Palestinian Olympians from Gaza, Canada, US, Jerusalem compete in Tokyo

Palestinians are unlikely to make it to the podium, having qualified via wild card process rather than by merit; Gazan to be first-ever Palestinian Olympic weightlifter

Palestine's flag bearer Dania Nour and their delegation parade during the opening ceremony of the Tokyo 2020 Olympic Games, at the Olympic Stadium, in Tokyo, on July 23, 2021. (Ben STANSALL / AFP)
Palestine's flag bearer Dania Nour and their delegation parade during the opening ceremony of the Tokyo 2020 Olympic Games, at the Olympic Stadium, in Tokyo, on July 23, 2021. (Ben STANSALL / AFP)

Palestinians from the West Bank, Gaza, Jerusalem and North America are set to compete in the 2020 Tokyo Olympics, in their seventh time participating in the international games.

Five Palestinian athletes are set to compete at the Games, which were originally scheduled to take place last summer but were delayed due to the coronavirus pandemic.

A regular Palestinian delegation has been sent to the Olympics since the 1996 Summer Olympics in Atlanta. They have never picked up any medals, however, and are not favored to reach the Olympic podium in Tokyo, either.

The Palestinian team comprises two swimmers, a judoka, a weightlifter and a sprinter. The two swimmers, Dania Nour from Bethlehem, 17, and Canadian resident Yazan al-Bawab, 21, will participate in the 50-meter and 100-meter freestyle on Tuesday, respectively.

Palestinian-American Hanna Barakat, 21, is scheduled to compete in the women’s 100-meter sprint later this week. A student-athlete at Brown University, Barakat comes from an Olympic family: Her father, Mohammad Barakat, played hockey for the United States at the 1984 Summer Olympics in Los Angeles.

Wesam Abu Rmeila, from East Jerusalem, will represent Palestine in the men’s judo competition. The Palestinian judoka comes from a family deeply rooted in the martial art: His father and two of his brothers have competed internationally, according to a report in the Cairo-based channel Al-Ghad.

Finally, Mohammad Hamada from Gaza, a 19-year-old Palestinian weightlifter, will participate in the men’s 96-kilogram event. Hamada, who has already competed internationally, is the first Palestinian ever to compete in the sport at the Olympic level.

“Mohammad has achieved a long-awaited dream,” Hamada’s father, Khamees, told the Reuters news agency.

None of the Palestinian athletes this year qualified by meeting the Olympic athletic criteria, however, meaning they are unlikely to return home with a medal. The athletes instead entered the Games through a special process for underrepresented countries, known as a “wild card,” said Badr Aqel, who is leading the delegation.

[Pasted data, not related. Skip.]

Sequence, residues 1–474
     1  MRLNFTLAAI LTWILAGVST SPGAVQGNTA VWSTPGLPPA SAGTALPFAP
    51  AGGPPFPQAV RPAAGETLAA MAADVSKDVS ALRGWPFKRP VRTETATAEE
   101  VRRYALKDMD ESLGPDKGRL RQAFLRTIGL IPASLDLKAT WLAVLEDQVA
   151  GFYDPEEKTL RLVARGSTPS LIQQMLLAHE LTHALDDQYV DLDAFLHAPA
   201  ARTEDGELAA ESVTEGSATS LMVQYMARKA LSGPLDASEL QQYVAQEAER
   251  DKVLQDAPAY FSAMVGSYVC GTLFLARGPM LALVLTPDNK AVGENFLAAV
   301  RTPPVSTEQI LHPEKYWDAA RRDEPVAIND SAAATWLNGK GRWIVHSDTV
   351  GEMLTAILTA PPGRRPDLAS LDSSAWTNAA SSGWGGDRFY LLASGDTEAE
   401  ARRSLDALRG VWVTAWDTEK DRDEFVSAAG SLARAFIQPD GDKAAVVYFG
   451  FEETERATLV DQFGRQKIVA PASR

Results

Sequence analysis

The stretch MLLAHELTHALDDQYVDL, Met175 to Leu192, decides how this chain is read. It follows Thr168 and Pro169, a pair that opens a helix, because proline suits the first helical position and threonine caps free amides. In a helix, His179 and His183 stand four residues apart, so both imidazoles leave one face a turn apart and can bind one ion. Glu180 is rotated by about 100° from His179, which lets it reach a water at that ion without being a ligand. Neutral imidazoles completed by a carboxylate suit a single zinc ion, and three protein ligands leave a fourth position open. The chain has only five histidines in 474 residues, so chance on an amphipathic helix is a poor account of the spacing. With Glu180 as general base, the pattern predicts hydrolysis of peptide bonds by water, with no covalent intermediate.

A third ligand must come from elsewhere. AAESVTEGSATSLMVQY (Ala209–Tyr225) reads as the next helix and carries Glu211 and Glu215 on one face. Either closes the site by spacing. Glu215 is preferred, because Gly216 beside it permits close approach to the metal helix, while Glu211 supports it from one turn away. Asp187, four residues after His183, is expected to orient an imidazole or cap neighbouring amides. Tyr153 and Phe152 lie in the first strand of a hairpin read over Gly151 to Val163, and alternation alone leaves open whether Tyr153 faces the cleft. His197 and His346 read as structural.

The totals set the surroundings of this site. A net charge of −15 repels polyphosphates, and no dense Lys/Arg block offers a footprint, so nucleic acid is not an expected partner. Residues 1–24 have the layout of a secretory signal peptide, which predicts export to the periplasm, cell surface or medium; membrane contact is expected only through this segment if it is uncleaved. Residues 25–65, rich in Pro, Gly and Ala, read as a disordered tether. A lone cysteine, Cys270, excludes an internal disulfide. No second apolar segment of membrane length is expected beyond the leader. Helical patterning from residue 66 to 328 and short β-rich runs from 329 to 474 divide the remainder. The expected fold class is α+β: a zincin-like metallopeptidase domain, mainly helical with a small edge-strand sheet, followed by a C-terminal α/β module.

The Palestine Olympic Committee is under the supervision of powerful Fatah official Jibril Rajoub, who also serves as the Palestinian party’s secretary-general. Rajoub is widely seen as a potential successor to Palestinian Authority President Mahmoud Abbas.

Senior Fatah official Jibril Rajoub, in the West Bank city of Ramallah, attends by video conference a meeting with deputy Hamas chief Saleh al-Arouri (unseen) discussing Israel’s plan to annex parts of the West Bank, on July 2, 2020. (Abbas Momani/AFP)

Most of Rajoub’s press appearances in recent months have come in the context of his lead position in negotiations with Fatah’s Hamas rivals. But he has also taken an interest in Palestinian sports, investing in soccer and Palestinian youth movements.

“We are working on a plan, led by Maj. Gen. Rajoub, that in our next competition in Paris, our participation will be by qualification, rather than by wild card,” Aqel told The Times of Israel in a phone call, referring to the anticipated 2024 Summer Olympics.

Aqel said the proliferation of Israeli restrictions on Palestinian movement and travel made it harder for athletes to train and compete at the international level. Leaving and entering the West Bank for games, or inviting others to work with Palestinian athletes, requires Israeli approval.

Israel says the restrictions on movement are part of a system established to maintain security and prevent Palestinian terror attacks.

“Every time you want to bring coaches and experts from outside, you need approval from the Israeli government, and then you’ll find that they’ve blocked several of them from arriving, and eventually you have to cancel the whole thing,” Aqel said.

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